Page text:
[As would Agra himself. The enemy general's legion moved slower compared to the Hephthalites under Akhshunwar's command. It was very likely they would reach the river before the Empire did. Clearly, the current forces of Gupta were not like the grand forces of old, whose martial strength was without question before the time of Skandagupta.]

[General Agra was not of the same opinion. Unaware of how fast his foe was moving, he arrogantly marched his troops out of the city of Hyderabad. Indra would shower him with the favor provided to the commanders of yore, he was sure.]

[For he was part of a long line of decorated leaders. A patent fool like Budhagupta or an upstart like Akhshunwar would not deter his inevitable success.]

[He assured himself that fortune was on his side the moment he spotted an elephant along the river banks, soon to enter the waters. To him, it was a sign of good luck. He was to fulfill his role as the warrior who subjugated the Hunas. Quickly, he ushered his troops to traverse the river.]

[Akhshunwar saw the elephant as an entirely different omen. Such beasts were not native to the region. The elephant was a creature that was out of its element, and would probably not survive in this environment. It would succumb to an even greater animal.]

[The moment he saw the Gupta infantry crossing the river, he took in his hands a steel bow-- a fine piece of weaponry taken from the dead body of the previous Imperial force that had occupied the province. Grasping an arrow from a quill, he armed the bow and held the string taut.]

[Agra, in his delusion, did not notice the projectile until it was halfway to its target. Among the crossing Gupta forces, it hit its mark.]

[The elephant collapsed into the water, the arrow having pierced its skin. Agra's good luck spilled into the river, corrupting it with a crimson red.]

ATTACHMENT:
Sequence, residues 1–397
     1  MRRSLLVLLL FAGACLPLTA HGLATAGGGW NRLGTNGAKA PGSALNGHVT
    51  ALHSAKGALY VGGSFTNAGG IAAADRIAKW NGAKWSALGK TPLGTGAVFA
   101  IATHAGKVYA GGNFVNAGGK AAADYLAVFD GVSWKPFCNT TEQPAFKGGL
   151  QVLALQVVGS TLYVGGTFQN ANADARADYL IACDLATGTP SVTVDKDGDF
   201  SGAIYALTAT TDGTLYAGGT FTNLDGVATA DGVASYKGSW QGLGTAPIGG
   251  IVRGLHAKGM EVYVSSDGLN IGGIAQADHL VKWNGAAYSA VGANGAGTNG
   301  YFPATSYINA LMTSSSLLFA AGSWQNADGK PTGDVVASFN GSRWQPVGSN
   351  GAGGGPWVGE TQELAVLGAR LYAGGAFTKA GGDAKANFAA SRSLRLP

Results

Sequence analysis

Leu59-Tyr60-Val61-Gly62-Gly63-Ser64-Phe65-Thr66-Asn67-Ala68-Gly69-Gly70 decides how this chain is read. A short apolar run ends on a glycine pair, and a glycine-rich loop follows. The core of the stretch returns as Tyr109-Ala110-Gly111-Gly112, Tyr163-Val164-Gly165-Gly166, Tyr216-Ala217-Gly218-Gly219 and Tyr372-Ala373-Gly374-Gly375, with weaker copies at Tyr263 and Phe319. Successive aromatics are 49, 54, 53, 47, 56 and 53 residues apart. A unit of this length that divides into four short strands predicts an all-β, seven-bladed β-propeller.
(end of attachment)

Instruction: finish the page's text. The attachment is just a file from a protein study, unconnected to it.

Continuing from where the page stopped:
[It was too late for him to call his troops back. From out of their careful hiding spots swarmed the Hunas, sweeping over them like a horrific tide.]

[Akhshunwar's got a movement rating of 3 while regular generals have a movement rating of 2. ;)]


Feb 17, 2002
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Duke of Wellington: I'd once heard that an elephant is a symbol of power, or good luck, or something. I enjoyed typing up Akhshunwar's harsher, more predatory idea on the elephant's presence.


Feb 17, 2002
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[Thar Province. The plains between the city of Multan and the province border.]

[Khingila rode out from Multan, leading a force of ten thousand cavalry and leaving a small contingent that stayed behind. Anything that was even remotely valuable had been taken from the newly-garrisoned city, and if there was anything left to be found, the remaining troops there would be sure to take it. He and the Hephthal Elite, meanwhile, rode to Bikaner. According to his scouts, there would be a force of similar size waiting for them there.]

[They were not ten miles from the city when they encountered a messenger from Lahari Bandar.]

Agent: My king, I have good news for you!

[His voice could barely be made out over the stampeding feet of the Hephthalites' steeds. Of course Khingila would not stop for him, the grand army of The Walled City was a raging wind that halted for no one. If the messenger had something to say to the king, he would have to make it quick. Luckily, he had been trained as such, and strained his lungs to overcome the cavalry.]

Agent: General Akhshunwar has taken the city, and General Agra has been driven off!! He escapes to Sindh with little more than eight thousand men, while our forces have suffered few losses!!!

[Khingila would've said that was agreeable news. He even thought so. But trivial praises were for a different time. He was at the forefront of a war, and so was Akhshunwar. The messenger would have to be sent away quickly. Every moment Akhshunwar had to himself was time to brood, a distraction from his duties as Khingila's best general.]

Khingila: Tell General Akhshunwar to give chase. Before the month is out, you will tell me he has arrived at the gates of Hyderabad. If you arrive with Agra's head, the better! Hah!

[The king did not wait for a response, as the Hephthal Elites suddenly gained speed. The messenger broke off so that he was not left in the dust, and reared his horse to ride for Sindh province...]

[Two provinces taken and Gupta took a real beating on the field. Lofman seems to be right so far, not that I'm surprised. He made the [frigging awesome] scenario. :D]
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Feb 17, 2002
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Duke of Wellington: Ask and ye shall receive. Maybe. [Cough.]